Batteries

What items can we take?

This category includes all used household batteries. Please tape battery terminals for safety, particularly 9-volt, lithium, and any large batteries.

Alkaline batteries

Rechargeable batteries

Small electronics batteries

Hearing aid batteries

What isn’t in this category?

Here are some batteries we can't take.

Car batteries

Lead acid batteries

Batteries.

Your spent batteries contain valuable materials that can be reclaimed for recycling! We take your used batteries, and our partner separates the chemicals from the metals to be used for building other products.

This category includes all batteries that you would use around the house. All the batteries we collect are recycled, so if you have new batteries that you don't need, we recommend gifting them via your local Buy Nothing group!

Why use Ridwell?

When you put your batteries in your Ridwell bag, you know that they will be responsibly recycled with our vetted partners!

Ridwell takes two of the most common types of household batteries: alkaline and lithium. Alkaline batteries have a steel casing that can be recovered and recycled with other scrap metals, while the manganese and zinc electrodes inside can be used as ingredients in making fertilizer.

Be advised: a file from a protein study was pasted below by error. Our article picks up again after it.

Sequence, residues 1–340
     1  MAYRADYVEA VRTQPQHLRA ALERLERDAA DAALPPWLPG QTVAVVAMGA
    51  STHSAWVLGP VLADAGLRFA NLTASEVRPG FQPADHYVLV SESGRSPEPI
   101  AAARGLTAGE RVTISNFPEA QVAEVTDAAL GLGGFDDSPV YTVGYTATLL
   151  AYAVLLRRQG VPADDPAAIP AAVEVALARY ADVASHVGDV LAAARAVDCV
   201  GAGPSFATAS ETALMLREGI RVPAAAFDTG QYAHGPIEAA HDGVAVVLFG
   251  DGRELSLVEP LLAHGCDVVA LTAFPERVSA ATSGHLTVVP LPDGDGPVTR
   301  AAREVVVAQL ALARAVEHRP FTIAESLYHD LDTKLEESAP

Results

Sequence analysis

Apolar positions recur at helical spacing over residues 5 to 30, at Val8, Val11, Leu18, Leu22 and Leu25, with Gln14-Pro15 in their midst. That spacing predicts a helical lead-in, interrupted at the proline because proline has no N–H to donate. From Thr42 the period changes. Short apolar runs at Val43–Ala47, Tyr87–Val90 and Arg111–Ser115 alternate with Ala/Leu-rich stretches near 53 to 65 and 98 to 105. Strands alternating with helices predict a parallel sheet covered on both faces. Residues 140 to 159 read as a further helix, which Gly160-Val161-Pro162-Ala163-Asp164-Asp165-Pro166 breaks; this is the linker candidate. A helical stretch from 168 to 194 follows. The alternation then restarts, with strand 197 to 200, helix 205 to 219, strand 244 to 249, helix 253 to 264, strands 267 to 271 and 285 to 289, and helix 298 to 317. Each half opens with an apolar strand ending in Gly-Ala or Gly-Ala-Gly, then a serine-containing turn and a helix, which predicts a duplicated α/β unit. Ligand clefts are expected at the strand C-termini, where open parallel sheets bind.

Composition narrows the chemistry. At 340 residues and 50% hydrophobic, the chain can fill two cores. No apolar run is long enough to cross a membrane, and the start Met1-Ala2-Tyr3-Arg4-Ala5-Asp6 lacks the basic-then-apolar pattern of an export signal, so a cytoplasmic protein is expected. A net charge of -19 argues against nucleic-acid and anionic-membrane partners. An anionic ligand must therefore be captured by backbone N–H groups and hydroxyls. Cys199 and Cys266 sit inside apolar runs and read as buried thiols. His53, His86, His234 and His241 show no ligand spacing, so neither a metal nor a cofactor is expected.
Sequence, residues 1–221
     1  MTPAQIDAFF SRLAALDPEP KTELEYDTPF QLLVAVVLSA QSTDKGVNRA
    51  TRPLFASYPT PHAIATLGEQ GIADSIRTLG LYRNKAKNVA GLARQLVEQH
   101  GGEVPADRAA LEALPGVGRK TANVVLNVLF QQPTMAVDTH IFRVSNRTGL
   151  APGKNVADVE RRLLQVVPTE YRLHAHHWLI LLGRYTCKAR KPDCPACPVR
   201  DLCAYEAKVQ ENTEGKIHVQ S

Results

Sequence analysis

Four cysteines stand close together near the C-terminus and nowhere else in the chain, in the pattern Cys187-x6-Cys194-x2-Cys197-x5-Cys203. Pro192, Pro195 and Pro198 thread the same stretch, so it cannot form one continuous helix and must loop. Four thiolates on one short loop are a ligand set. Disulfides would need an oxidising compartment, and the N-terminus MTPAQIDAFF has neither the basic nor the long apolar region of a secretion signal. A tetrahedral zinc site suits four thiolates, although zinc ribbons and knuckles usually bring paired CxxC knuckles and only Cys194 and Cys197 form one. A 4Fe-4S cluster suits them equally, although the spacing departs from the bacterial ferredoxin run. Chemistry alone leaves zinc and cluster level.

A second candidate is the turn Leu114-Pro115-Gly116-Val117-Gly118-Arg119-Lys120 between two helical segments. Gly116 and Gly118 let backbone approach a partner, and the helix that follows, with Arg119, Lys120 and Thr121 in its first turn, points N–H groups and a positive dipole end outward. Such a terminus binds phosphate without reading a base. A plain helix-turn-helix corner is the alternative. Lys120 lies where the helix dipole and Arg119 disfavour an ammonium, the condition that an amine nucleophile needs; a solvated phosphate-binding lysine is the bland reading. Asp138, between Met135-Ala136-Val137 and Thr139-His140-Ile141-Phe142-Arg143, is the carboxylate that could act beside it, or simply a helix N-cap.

Lithium batteries include the rechargeable batteries found in electronics and round button batteries. Their next life begins when they are split open using a shredder or a high-speed hammer, then submerged in a caustic water that neutralizes the electrolytes and allows the recovery of the metals. The remaining solution is processed to create materials for new batteries.

Partnering with Ecolights

EcoLights NW began in 1996 in Seattle, WA with a small dedicated team focused on the proper end of life handling of fluorescent and other light bulbs, lighting ballasts, and batteries of all chemistries and types. Their mission is to recycle as much of the resources in these materials as reasonably possible so that it can be reused in the circular economy, and to prevent the toxic components from being released to the environment.

FAQ

Should I do anything differently if I have a lot of batteries to recycle?

We pick up your batteries every two weeks which we hope makes it easy to clear them out of your home regularly!

For safe storage of lots of batteries, please use electrical or clear tape to cover the terminals of your batteries (particularly 9-volt, lithium, and any large batteries) to prevent them from coming into contact with each other.

Can you take corroded batteries?

Yes! If your batteries are damaged or corroded, we recommend placing them in separate plastic bags in your battery bag (we’ll recycle these as well).